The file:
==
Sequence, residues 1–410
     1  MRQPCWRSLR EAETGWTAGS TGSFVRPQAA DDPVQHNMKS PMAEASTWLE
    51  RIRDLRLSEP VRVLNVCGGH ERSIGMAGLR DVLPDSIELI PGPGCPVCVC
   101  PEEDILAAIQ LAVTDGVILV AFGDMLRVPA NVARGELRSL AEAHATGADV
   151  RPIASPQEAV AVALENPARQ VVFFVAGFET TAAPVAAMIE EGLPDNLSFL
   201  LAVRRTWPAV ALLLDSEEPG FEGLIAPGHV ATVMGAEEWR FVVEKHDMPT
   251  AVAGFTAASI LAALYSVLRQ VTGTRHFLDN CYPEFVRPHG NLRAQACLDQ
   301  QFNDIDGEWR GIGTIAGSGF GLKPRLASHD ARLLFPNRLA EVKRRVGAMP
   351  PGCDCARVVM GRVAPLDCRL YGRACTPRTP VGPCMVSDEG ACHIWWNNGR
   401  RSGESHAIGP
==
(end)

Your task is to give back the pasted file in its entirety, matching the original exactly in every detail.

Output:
Sequence, residues 1–410
     1  MRQPCWRSLR EAETGWTAGS TGSFVRPQAA DDPVQHNMKS PMAEASTWLE
    51  RIRDLRLSEP VRVLNVCGGH ERSIGMAGLR DVLPDSIELI PGPGCPVCVC
   101  PEEDILAAIQ LAVTDGVILV AFGDMLRVPA NVARGELRSL AEAHATGADV
   151  RPIASPQEAV AVALENPARQ VVFFVAGFET TAAPVAAMIE EGLPDNLSFL
   201  LAVRRTWPAV ALLLDSEEPG FEGLIAPGHV ATVMGAEEWR FVVEKHDMPT
   251  AVAGFTAASI LAALYSVLRQ VTGTRHFLDN CYPEFVRPHG NLRAQACLDQ
   301  QFNDIDGEWR GIGTIAGSGF GLKPRLASHD ARLLFPNRLA EVKRRVGAMP
   351  PGCDCARVVM GRVAPLDCRL YGRACTPRTP VGPCMVSDEG ACHIWWNNGR
   401  RSGESHAIGP